Earlier this year, Jenni Lynn's SURF & S’WET™ class was featured on New York City's PIX11 Morning News!
Are You On Board?
by Jenni Lynn Patterson LaCour
One of the biggest challenges I’ve encountered over a decade of teaching aquatic fitness is getting devoted land exercise participants to consider jumping into one of my water-based classes. Most "land goers" are very loyal, just like our aquatic fitness enthusiasts. However, they will make numerous excuses as to why the water just isn’t for them, or isn’t as effective as “weight bearing”, or they don’t want to carry around a wet swimsuit, or in my opinion, they just don’t want to get their hair wet! Whatever their reason, convincing them otherwise has proven difficult.
Until…I created Surf & S’WET™.
Thankfully, I was presented with the opportunity to teach on floating mats at one of the facilities where I work. This was beyond exciting because I had patiently waited for about a year for a slot to open. I had taught small group training with the boards for additional member fees, but this opportunity was a permanent class that members could register for on a weekly basis and make continuous progress. Finally, the chance to promote an aquatic fitness class that would incorporate weight bearing exercises, balance and core stability work, all on top of and in the water.
Most aquatic instructors can attest that there are many misconceptions about the benefits of aquatic fitness demonstrated by the demographics we have filling up most of our classes. Though the industry has been making waves and starting to create awareness, through growing interest within gyms and online content, there’s still a big factor keeping all types of participants from showing up to our pools. I believe this is because they cannot see what we’re doing!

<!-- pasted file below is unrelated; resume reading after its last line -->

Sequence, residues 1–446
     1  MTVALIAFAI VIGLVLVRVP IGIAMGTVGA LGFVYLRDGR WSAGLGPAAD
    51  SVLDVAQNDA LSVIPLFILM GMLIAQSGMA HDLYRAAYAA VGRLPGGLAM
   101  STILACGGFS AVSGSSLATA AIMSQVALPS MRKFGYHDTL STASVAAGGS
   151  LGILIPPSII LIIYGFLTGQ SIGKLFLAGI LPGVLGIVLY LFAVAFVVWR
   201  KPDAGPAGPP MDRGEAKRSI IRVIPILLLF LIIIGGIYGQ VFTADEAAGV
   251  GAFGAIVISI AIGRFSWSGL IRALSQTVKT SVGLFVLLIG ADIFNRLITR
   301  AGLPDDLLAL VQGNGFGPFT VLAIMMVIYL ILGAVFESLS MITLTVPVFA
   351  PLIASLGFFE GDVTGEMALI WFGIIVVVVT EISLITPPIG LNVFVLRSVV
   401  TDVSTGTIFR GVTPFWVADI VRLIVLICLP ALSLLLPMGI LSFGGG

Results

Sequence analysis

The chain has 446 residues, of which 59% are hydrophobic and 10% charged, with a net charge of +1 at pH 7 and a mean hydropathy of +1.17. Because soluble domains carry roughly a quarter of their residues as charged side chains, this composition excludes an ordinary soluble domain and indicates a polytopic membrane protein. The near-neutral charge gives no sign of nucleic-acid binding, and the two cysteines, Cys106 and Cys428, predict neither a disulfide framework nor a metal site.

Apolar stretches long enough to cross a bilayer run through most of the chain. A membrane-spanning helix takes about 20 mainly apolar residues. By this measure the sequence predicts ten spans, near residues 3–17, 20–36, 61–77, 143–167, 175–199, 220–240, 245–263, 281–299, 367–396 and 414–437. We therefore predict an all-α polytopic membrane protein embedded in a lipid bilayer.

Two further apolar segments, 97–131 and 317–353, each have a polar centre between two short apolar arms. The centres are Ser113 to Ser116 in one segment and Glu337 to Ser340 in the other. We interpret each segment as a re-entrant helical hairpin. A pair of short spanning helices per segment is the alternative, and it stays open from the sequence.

To an untrained eye looking through the pool windows at an aquatic fitness class, you see some waves and bobbing heads at the surface of the water. Visually this cannot be that appealing to those who have absolutely no idea what is actually taking place below the surface. Now, using the floating boards, onlookers will be able to visually take in what a water class looks like.
Most previous participants had done yoga and Pilates-based classes on the boards, but everything stayed on the board (unless they lost balance and fell in).
The participants were so adamant about not getting wet, they were willing to risk their safety to jump from the pool deck onto the board. Of course, I did not allow this to happen, but several would attempt just to prevent getting wet.
I have to be honest, I am sneaky with my class.
I start in the water – not on top of the board – with high knee jogs and pumping arms. Just like a traditional aquatic fitness class, we warm up, short levers and all, while going through base moves (jumping jacks, cross-country skis, tucks, kicks and hops) while in the water between the boards. Once I can tell their muscles are prepared and breathing rates increased, we use the board itself as a piece of equipment. (I know some pools perform the floating board classes in deep water, so this could all be done with a flotation belt incorporating deep-water based moves).